He’s a national icon and hero to many a politician, but much of what people know about Winston Churchill’s life concerns his later years in politics.
In contrast, what follows is a look at Churchill’s earlier military service by historian and writer Jacob F Field, whose book ‘D-Day in Numbers’ featured in our coverage of D-Day 75.
This coincides with the publication of his new book, ‘The Eccentric Mr Churchill’, which you can get here.
Article by Jacob F Field
Winston Churchill’s long involvement with the British Army did not begin well.
His father had pushed him towards a military career because he believed he was not bright enough to study law. It took Winston three attempts to pass the entrance exam for Sandhurst and when he did pass, in August 1893, he did not get enough marks to qualify for training as an infantry officer, so was placed into the cavalry.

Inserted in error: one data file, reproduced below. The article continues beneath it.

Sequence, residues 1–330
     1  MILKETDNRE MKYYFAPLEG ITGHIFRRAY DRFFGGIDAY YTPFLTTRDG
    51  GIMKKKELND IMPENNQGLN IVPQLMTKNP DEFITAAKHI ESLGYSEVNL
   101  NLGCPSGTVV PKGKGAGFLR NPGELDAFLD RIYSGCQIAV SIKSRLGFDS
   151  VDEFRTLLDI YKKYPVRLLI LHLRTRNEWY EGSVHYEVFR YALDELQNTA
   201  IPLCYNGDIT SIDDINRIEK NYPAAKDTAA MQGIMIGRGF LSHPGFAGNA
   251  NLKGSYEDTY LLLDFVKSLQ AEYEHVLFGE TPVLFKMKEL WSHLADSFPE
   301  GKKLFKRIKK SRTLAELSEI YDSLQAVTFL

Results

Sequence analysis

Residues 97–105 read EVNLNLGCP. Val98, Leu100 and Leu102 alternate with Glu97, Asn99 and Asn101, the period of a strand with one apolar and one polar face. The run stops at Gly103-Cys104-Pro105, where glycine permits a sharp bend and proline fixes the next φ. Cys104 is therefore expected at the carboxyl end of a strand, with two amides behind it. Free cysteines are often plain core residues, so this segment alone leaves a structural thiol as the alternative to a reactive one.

This irritated his father because cavalry cadets required an additional £200 of kit per year.
Luckily, as a result of other candidates dropping out, Winston was offered an infantry training place after all and he passed out with honours in December 1894, finishing eighth out of 150 classmates.
He was supposed to serve in the prestigious 60 Rifles but Winston was more attracted to the glamour of the cavalry, where promotions tended to be quicker and his small status would not be an issue. As such, Winston switched to 4 (Queen’s Own) Hussars, a socially elite regiment based in Aldershot.
However, Winston’s first taste of combat came not as a soldier, but as an observer, during the Cuban War of Independence.